I'm Happy With My Retirement Accounts. Can I Use Rule 72(t) to Retire Early?


fa75e5eea6bf0bdf01c08a56831ec5c0

Tapping into your retirement savings before age 59.5 typically triggers a 10% early withdrawal penalty in addition to the income taxes you’ll owe. Using Internal Revenue Service Rule 72(t) can help you generate income from your nest egg in your 50s or earlier without paying that penalty. If you use it, you’ll still have to pay regular income taxes, and the process is complicated and inflexible.

Talk to a financial advisor to get personalized guidance on your options for generating retirement income before 59.5.

Rule 72t Fundamentals

Rule 72(t) is a section of the tax code covering early withdrawals from retirement savings plans. This particular rule allows you to take substantially equal periodic payments (SEPPs) from an IRA, 401(k) or other qualified retirement plan without incurring the 10% early withdrawal penalty you would otherwise generally have to pay.

To employ Rule 72t strategy, you must take annual distributions calculated using one of three IRS-approved methods for determining the payment amount. These SEPPS must continue for five years or until you reach age 59.5 – whichever is longer.

You can’t adjust the payment amounts during this time or else you’ll face the penalty you initially avoided. You also can’t make additional withdrawals from the account beyond your scheduled payments. This inflexibility makes Rule 72(t) tricky to use. But for those with adequate savings who want to retire early, it can provide penalty-free income.

Understanding Substantially Equal Periodic Payments

The IRS has a specific interpretation of what constitutes a SEPP. The three methods allowed by the IRS for calculating SEPPs are:

  • Required minimum distribution (RMD) method: This typically produces the smallest annual payment.

  • Amortization method: This spreads your balance over life expectancy to produce a larger payment amount.

  • Annuity method: This provides a fixed mid-range payment between the RMD and amortization methods.

You must calculate payments based on your life expectancy, so the older you are when starting them, the higher the amounts will be.

A Rule 72t Example

To get an idea of how Rule 72t might work in a hypothetical case, consider a retirement saver who is 55 and has $800,000 in their retirement accounts when they decide to retire early. Using the amortization method and a 5% assumed interest rate, they could take annual payments of $49,500 from their accounts for the next 10 years until they turn 65.

By doing this, they would avoid having to pay the 10% early withdrawal penalty, which would save $4,950 for each of the payments until they reach age 59.5.

Talk to a financial advisor about the best plan to finance your retirement.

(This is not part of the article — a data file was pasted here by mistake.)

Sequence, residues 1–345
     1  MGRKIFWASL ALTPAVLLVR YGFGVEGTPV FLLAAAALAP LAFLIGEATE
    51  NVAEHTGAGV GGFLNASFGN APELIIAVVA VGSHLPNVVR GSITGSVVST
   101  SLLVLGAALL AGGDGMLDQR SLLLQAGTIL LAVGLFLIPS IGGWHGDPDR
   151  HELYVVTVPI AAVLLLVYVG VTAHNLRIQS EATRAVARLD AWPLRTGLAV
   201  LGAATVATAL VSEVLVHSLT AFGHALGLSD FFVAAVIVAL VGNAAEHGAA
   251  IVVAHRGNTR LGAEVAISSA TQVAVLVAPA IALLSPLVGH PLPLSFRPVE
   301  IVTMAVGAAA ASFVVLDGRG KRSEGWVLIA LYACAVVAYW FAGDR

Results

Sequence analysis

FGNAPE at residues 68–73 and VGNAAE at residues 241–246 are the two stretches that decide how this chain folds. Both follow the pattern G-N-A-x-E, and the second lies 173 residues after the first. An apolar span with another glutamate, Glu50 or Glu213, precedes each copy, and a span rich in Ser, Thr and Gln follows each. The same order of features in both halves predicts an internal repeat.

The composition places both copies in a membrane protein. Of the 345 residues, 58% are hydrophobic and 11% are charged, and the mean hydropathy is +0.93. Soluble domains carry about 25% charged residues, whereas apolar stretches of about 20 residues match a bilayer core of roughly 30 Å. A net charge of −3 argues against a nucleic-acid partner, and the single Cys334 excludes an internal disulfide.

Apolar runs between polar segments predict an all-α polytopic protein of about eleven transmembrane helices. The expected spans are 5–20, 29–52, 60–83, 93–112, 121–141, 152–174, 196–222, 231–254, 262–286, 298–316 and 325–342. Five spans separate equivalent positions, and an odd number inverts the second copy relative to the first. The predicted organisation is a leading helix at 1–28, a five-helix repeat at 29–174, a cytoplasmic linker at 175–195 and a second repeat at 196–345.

Rule 72(t) Limitations

While Rule 72(t) offers a path to penalty-free retirement income before 59.5, there are some real and potential limitations to its benefits. They include:

  • You still must pay income tax on distributions at your regular rate.

  • Once started, you can’t discontinue payments without a penalty.

  • Calculating your precise payment involves complex math.

  • You lose tax-deferred growth by withdrawing the money.

  • You can no longer contribute to the account after you start withdrawing from it.

Given these restrictions, Rule 72(t) works best for those who have adequately saved and are sure they want to begin retirement distributions in their 50s.

Rule 72(t) Alternatives

Rule 72t can provide a way to tap retirement funds penalty-free without having to wait, but it’s not the only approach. Other potential options include:

  • 401(k) loans, allowing you to borrow from yourself and repay the money.

  • Using the Rule of 55, which lets you tap a 401(k) penalty-free after leaving an employer at 55 or later.

  • First-time homebuyer withdrawal, permitting a $10,000 penalty-free IRA withdrawal towards buying your first home.

  • Certain other exceptions, such as for higher education costs and some medical expenses.

Each approach has pros and cons to weigh. Hardship withdrawals are still taxed as income but avoid the 10% penalty. 401(k) loans allow access without taxes or penalties but must be repaid. The Rule of 55 only applies to employer plans, not IRAs. A financial advisor can help you weigh your options and make a plan for a comfortable retirement.

Bottom Line

Rule 72(t) allows penalty-free early withdrawals from retirement accounts, but comes with major restrictions. While avoiding the 10% penalty, you still owe income taxes on distributions. Payments are fixed for 5+ years and can’t be changed without penalty. You lose tax-deferred growth and can’t contribute anymore. Given the limitations, Rule 72(t) only works for someone with adequate savings who is fully committed to early retirement.

Tips

  • Have a financial advisor walk through the pros, cons and calculations involved with a Rule 72(t) distribution strategy. SmartAsset’s free tool matches you with up to three financial advisors in your area, and you can interview your advisor matches at no cost to decide which one is right for you. If you’re ready to find an advisor who can help you achieve your financial goals, get started now.

  • SmartAsset’s Retirement Calculator helps you determine whether you’re saving enough to retire.

Photo credit: ©iStock.com/jacoblund

The post I Have Enough in My Retirement Accounts. Can I Use Rule 72(t) to Retire Early? appeared first on SmartReads by SmartAsset.



Source link

About The Author

Scroll to Top